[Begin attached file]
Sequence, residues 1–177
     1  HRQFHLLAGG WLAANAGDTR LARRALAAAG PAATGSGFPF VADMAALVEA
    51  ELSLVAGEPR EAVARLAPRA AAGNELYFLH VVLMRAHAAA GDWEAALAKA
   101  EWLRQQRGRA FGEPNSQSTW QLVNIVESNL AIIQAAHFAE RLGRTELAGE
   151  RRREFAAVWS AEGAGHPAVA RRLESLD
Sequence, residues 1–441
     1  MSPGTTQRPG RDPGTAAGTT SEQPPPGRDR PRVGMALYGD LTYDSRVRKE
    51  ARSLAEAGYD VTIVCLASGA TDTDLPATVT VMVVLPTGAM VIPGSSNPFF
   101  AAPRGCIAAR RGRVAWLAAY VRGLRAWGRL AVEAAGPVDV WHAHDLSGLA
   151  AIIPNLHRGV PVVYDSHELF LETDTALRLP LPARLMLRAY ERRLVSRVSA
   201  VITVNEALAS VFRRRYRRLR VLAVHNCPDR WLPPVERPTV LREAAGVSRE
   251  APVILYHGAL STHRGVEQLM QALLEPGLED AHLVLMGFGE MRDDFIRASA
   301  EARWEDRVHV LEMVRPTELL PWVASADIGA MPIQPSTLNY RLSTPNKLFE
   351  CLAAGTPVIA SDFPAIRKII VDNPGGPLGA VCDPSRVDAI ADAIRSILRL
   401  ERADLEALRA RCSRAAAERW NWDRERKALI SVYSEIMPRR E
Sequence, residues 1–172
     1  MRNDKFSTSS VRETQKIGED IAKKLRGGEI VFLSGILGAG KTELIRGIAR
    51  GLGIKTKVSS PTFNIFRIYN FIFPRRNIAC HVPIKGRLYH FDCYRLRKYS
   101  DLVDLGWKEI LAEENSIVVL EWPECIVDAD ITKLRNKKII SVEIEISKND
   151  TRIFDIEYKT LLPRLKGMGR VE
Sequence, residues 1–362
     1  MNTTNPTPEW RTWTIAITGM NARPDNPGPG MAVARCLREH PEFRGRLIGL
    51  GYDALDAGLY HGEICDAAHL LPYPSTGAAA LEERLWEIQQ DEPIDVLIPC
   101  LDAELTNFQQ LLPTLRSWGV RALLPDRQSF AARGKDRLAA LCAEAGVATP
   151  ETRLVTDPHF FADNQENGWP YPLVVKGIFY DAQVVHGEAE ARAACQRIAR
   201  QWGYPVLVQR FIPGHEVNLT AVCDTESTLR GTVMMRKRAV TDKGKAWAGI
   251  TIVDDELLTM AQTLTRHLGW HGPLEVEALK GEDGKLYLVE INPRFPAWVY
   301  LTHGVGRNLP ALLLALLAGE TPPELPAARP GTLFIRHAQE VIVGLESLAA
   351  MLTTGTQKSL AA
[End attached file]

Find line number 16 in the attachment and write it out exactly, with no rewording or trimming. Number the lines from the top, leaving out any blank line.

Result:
Sequence, residues 1–172